Dr. Dale Sutton
Dr. Dale Sutton, West Shore Community College professor of biology emeritus, has authored a new e-book titled “The Campaign of Cole Stevenson.”
A work of fiction, Red Oak, Missouri, located in the Ozarks, is the setting for the e-book and a campaign which takes place in 1955.
Cole Stephenson, who spent four years in the army and four years at the University of Missouri earning a Bachelor of Science degree in political science with a minor in botany, is 27 years old and comes home after graduating from the university.
He comes to the conclusion one simply cannot live in a place as long as he has without becoming deeply attached in a way no one in his circle of friends could ever understand. He is drawn to his home town of Red Oak by a pull on his heart he cannot resist.
There are problems in Red Oak that can be corrected only by a long term commitment and Cole decides to become a candidate for state representative and his name will be on the ballot for the August primary election.
His opponent is the four-term incumbent Lennie Midelton. Midelton is incompetent, and for eight years has escaped political, social, or personal examination. It seems Midelton’s uniqueness is the lack of even one enviable quality.
Cole’s campaign strategy is to gain the support of five highly respected county citizens who can easily deliver a large block of votes. For help, he turns to an old political lion, retired State Senator C.J. Russell. He also receives help from Kitty Bird, a retired English teacher and the social conscious of McClary County.
Mrs. Anna Belle Brewster, a midwife and revered county citizen, becomes a trusted helper and Pastor Louis Hargrove gives Cole much needed support and advice. Willard Ruble, described by his sixth grade teacher as the only student she ever had who studied a dictionary, is Cole’s link to the timber owners and saw millers in the community. Staley Daniels, owner and editor of the Ozark Mountain Press, helps Cole to navigate the ins and outs of the public exposure his candidacy encounters.
With his political “pentagon” in place, Cole campaigns across his district. He is endorsed by some voters and skeptically questioned by others. During his campaign, he experiences rural democracy at its very best. He meets a female student who he had classes with but never knew until his campaign started.
His campaign comes to a conclusion in the courthouse as the votes are counted and the winner is selected.
Sutton says “The Campaign of Cole Stevenson” is not just about politics. It is about the heart and soul of a rural American town in the 1950’s.
“The greatest privilege a citizen can have is the right to vote and select those who represent them. Cole’s story could have taken place in Michigan or many other states. I selected the Missouri Ozarks as the setting because that’s where I lived the first 34 years of my life. My father was a saw miller and I worked with the mill workers, log cutters, farmers and construction workers; not a day passed that I did not have sawdust on my cap and hear talk about local politics.”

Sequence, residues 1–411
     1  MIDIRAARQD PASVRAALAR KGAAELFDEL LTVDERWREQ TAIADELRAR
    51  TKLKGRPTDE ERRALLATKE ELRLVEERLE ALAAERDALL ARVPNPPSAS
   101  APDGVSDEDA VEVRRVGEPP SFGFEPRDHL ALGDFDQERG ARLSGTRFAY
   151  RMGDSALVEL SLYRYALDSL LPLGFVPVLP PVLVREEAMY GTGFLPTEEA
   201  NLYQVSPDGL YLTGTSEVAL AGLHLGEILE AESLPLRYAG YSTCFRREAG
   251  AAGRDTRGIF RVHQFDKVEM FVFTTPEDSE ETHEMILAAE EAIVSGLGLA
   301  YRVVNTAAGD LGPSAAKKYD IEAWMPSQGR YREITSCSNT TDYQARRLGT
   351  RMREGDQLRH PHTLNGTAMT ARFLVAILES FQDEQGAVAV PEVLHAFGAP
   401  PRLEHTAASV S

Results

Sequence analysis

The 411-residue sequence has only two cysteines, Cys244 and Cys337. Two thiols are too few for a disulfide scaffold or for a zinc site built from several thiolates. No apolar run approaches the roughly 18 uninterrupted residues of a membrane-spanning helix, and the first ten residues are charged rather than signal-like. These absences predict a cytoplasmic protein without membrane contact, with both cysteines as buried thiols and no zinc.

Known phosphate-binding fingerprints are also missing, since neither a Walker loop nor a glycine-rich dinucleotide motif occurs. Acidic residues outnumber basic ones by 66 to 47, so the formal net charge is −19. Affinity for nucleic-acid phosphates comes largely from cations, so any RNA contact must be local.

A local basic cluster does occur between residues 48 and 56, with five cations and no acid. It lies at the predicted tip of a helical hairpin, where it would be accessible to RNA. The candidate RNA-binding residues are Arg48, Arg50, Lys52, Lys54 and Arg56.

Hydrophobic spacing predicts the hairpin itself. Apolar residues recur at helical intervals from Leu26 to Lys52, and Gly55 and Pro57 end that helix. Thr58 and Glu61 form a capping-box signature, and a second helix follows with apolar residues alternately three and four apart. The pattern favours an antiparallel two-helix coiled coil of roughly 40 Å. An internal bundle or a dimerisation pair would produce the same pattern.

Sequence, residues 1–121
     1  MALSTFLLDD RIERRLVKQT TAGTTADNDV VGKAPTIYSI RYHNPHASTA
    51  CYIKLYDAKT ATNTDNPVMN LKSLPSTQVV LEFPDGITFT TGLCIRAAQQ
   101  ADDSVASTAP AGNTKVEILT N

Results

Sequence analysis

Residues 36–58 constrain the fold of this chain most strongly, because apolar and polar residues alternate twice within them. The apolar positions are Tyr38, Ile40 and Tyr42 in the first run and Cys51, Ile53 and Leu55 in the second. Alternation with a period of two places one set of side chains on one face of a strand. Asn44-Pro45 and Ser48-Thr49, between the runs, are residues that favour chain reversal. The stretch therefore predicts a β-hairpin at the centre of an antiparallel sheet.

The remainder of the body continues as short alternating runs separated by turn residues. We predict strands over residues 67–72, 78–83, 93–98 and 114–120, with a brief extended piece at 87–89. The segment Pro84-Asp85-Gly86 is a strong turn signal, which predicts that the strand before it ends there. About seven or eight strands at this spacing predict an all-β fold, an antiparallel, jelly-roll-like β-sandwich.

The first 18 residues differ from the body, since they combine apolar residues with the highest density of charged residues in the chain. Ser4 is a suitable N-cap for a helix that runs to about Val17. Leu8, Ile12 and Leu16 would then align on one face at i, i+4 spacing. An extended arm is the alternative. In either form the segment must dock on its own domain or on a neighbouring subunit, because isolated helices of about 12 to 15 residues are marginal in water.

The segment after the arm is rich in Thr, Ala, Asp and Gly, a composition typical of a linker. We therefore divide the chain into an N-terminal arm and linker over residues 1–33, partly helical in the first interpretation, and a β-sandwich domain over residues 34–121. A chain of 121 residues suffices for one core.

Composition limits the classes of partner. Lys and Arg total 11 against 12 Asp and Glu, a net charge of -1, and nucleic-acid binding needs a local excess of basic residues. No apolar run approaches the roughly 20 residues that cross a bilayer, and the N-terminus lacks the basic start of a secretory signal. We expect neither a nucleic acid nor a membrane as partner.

Sutton now lives with his wife Rose Marie near Scottville, and they spend the winter months in Ironton, where they both grew up.
Sutton began his teaching career at Garwood Elementary School in rural Missouri where he was the only teacher and taught all eight grades with an enrollment of 43 students. Nine of those students became teachers, principals or superintendents.
After teaching high school science for six years in Missouri, Sutton went back to graduate school and earned an MS degree in biology and PhD in botany. He was hired to teach at WSCC by Dr. John Eaton in 1970.
Sutton states, “Even though I started teaching when I was 23, it did not in any way diminish my relationships with the skilled workers, county officials and ‘Ozark philosophers’ I was surrounded by. When my wife and I moved to Michigan, it was not difficult to become a part of West Shore and the people the college serves.”
“I have great admiration for Dr. Eaton and his unique administrative skills that were needed as the first president of the college. I was also privileged to be at West Shore and work with Dr. William Anderson, the second president at West Shore. Dr. Anderson worked tirelessly to bring the message home that WSCC is absolutely essential to the well-being and quality of life in the college district.”
He concludes, “The years at West Shore were special in many ways. Both of our daughters graduated from there and I cannot think of any school, any groups of students, or any faculty and staff that could have given greater satisfaction to my teaching career of 38 years.”
“The Campaign of Cole Stevenson” is available from amazon.com in a Kindle format. Google - The Campaign of Cole Stevenson, Dale D. Sutton, and follow the instructions.
Author: Thomas Hawley | Executive Director of College Communications & Community Engagement